The first thing I did was get into my coziest PJs and dig out one of my favorite movies of all time, Shirley Valentine. (If you’ve never seen it, do yourself a favor and rent it. It is a gem.) Then, I hit the kitchen. I made the Panna Cotta first, because it needed a few hours to set up. After that, I got the soup simmering, and began slicing and dicing for the Tortilla Espanola.
I found several different methods of preparation for the tortilla. Some recipes called for boiling the potatoes first, others said to slow roast them with the onions in the oven. I believe that most traditional way is to poach them in oil in a skillet. Since, I didn’t want to have to deal with cleaning up a lot of oil spatters, I chose to roast them. I decided to add some Serrano ham as well, since I also had that in the fridge.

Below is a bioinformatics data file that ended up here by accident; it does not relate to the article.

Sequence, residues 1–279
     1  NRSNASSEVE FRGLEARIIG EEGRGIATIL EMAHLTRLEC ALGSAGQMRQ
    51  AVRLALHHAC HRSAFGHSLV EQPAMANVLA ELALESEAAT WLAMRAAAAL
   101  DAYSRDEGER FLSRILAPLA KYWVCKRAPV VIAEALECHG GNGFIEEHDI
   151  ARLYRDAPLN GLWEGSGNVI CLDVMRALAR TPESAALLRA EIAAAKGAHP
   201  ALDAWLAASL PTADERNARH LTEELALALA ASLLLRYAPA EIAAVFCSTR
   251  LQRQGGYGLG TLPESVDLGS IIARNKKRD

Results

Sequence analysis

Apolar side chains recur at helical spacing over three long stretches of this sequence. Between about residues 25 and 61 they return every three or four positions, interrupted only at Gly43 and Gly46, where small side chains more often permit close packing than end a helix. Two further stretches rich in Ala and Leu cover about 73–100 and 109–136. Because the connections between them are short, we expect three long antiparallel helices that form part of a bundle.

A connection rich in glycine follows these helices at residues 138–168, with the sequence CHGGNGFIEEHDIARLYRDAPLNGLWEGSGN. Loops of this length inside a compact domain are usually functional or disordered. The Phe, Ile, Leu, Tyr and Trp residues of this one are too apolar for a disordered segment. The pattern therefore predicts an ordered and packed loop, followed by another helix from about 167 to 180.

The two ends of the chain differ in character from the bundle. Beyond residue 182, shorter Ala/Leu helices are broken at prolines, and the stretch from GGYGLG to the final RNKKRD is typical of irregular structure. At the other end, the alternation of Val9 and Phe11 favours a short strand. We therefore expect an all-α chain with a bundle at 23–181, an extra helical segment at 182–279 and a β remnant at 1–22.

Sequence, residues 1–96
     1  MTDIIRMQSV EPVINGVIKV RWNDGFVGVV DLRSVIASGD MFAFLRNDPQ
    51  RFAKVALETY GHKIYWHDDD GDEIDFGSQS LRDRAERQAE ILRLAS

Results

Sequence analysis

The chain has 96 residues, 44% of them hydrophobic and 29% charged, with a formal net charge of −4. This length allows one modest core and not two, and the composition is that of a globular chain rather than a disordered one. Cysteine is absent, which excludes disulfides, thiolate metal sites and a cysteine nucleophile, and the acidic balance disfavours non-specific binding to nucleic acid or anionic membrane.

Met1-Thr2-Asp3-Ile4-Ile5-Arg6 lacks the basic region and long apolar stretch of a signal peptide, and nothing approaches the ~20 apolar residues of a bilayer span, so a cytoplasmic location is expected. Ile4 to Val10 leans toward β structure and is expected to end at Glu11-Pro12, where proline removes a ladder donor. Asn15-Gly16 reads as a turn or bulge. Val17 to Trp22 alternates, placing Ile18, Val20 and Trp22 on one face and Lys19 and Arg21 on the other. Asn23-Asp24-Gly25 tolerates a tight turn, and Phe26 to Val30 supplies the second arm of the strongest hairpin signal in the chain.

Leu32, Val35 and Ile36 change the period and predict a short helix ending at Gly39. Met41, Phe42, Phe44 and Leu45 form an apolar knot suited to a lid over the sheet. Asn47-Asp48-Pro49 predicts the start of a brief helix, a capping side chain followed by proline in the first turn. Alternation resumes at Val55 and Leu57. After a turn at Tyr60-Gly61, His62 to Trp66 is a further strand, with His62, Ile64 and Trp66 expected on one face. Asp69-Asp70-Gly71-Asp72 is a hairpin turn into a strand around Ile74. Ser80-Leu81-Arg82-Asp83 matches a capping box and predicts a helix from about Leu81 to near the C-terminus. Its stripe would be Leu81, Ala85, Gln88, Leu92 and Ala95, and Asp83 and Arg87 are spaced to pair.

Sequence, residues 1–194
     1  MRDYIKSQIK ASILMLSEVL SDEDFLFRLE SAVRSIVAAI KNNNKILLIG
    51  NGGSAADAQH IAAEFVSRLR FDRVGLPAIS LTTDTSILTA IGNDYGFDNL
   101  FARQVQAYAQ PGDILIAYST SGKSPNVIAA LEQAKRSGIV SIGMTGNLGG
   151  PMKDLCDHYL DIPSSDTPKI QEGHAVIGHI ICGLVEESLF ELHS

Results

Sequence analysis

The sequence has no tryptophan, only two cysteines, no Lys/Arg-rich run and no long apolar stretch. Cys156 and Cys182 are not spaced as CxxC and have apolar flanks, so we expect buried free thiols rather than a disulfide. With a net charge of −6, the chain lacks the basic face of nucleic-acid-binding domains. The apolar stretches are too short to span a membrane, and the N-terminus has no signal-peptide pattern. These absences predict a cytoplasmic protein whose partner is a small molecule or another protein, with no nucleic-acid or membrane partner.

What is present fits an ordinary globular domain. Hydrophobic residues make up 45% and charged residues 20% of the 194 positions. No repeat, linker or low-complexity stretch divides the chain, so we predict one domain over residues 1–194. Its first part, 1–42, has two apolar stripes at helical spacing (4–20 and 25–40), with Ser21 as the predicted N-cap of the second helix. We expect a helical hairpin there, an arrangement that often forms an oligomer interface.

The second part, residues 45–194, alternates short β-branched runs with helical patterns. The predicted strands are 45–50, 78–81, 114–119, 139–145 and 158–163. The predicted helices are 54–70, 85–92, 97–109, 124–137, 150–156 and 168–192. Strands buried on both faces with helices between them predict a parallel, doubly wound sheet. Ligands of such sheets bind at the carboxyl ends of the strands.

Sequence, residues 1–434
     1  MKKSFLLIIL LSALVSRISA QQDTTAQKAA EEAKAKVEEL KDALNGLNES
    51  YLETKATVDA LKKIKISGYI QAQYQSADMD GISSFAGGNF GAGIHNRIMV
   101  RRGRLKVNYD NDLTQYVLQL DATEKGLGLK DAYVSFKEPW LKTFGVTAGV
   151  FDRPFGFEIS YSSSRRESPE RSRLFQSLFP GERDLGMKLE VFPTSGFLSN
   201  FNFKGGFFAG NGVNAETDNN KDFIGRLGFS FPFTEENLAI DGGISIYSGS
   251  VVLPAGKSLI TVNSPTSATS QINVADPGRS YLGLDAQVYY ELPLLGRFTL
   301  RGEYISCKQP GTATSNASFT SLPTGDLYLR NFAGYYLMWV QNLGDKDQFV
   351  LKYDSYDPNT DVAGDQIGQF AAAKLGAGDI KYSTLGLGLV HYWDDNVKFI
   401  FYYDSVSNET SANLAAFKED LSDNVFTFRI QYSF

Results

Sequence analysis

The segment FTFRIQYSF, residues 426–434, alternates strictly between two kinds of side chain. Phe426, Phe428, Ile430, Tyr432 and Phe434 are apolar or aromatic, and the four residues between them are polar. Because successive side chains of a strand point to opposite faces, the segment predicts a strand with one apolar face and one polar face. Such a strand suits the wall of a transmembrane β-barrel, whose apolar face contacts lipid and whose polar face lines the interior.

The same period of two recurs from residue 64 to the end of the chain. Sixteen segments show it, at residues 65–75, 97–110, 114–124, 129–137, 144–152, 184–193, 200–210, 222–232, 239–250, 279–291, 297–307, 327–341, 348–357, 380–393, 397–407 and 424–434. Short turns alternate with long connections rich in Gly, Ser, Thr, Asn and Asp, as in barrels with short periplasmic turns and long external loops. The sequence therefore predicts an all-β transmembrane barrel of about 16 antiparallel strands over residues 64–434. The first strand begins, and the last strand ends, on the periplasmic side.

Flipping the tortilla was a tricky bit, but I was able to manage it with some careful maneuvering. One side of my tortilla got a little singed. Unfortunately, it was the top side. I didn’t want to risk flipping it again and having it crack or worse, flop right onto the floor, so I left it. It didn’t taste burned at all, but it didn’t look so good in the pictures. To illustrate how delicious it was, I have, instead, included a photo of the empty platter after we ate it all up. (That is also why there is a pretty Autumn poem at the top of this post instead of a picture of my whole meal.) Oh well, these things happen, I guess. Sometimes you have to roll with the punches.